Discussion in Illinois Legislature
of Resolution Relative to Public Depositories 
Mr. Lincoln said if partiality shall be proven to exist, shall we say it does? or shall we rather use another word, which will not express our meaning, for fear we offend our MASTER; for his part, he wanted to call things by their right names, no matter who was offended.
There had been partiality; it was proven by the Secretary's report, and he believed we would be more thought of, if we said so, especially as it could not be denied.
Mr LINCOLN said, he would be willing that the word partiality should be stricken out if he thought it was not true. The Legislature would be more respected by the Government if it used plain language, whenever that language is true. Mr L. then summed up the arguments which had passed, and contended that the position was fully made out that the Government had been partial. He was willing to take the gentleman from Vermilion  by the hand. He says that by our course we strike our own party friends. Well, we are willing to go it. Let him do the same with his party friends. Gentlemen insist that they cannot pass on these resolutions without investigation. He had heard similar arguments often made to put off trial in court.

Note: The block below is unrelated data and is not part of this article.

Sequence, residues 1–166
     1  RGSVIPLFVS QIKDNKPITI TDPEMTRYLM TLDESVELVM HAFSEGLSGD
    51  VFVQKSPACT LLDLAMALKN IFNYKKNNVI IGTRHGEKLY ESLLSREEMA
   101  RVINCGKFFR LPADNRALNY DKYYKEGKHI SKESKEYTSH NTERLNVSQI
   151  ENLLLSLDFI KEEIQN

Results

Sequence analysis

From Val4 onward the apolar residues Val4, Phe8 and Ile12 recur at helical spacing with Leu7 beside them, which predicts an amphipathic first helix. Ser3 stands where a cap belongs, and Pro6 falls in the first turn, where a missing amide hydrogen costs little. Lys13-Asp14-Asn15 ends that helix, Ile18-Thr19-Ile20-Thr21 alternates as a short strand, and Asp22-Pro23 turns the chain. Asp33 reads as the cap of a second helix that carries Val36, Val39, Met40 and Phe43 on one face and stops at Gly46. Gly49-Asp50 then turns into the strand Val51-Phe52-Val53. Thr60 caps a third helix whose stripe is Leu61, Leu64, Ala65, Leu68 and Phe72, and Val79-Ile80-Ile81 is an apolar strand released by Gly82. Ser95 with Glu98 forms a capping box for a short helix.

Illinoisan (Jacksonville), January 26, 1839; Illinois State Register, January 22, 1839. The resolution under discussion objected to the federal government's policy of depositing tax monies collected in Illinois in the Bank of Missouri, and complained that the policy was ``unfair and partial.''
 Isaac P. Walker, the one Democratic representative from that county.
 On Lincoln's motion the resolution was tabled.